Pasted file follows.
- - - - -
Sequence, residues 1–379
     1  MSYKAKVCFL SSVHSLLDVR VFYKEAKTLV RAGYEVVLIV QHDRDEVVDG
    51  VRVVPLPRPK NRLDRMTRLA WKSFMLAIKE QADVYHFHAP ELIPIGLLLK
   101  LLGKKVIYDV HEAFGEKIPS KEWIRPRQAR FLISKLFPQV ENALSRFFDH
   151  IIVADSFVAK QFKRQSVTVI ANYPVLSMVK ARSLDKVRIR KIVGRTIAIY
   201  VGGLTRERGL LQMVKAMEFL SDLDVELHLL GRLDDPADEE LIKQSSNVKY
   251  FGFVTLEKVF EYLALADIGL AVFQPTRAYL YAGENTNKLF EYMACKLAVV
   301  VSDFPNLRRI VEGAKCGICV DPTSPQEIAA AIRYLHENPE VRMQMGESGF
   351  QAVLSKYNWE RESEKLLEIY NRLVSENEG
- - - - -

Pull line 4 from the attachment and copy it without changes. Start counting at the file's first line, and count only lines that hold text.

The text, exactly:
   101  LLGKKVIYDV HEAFGEKIPS KEWIRPRQAR FLISKLFPQV ENALSRFFDH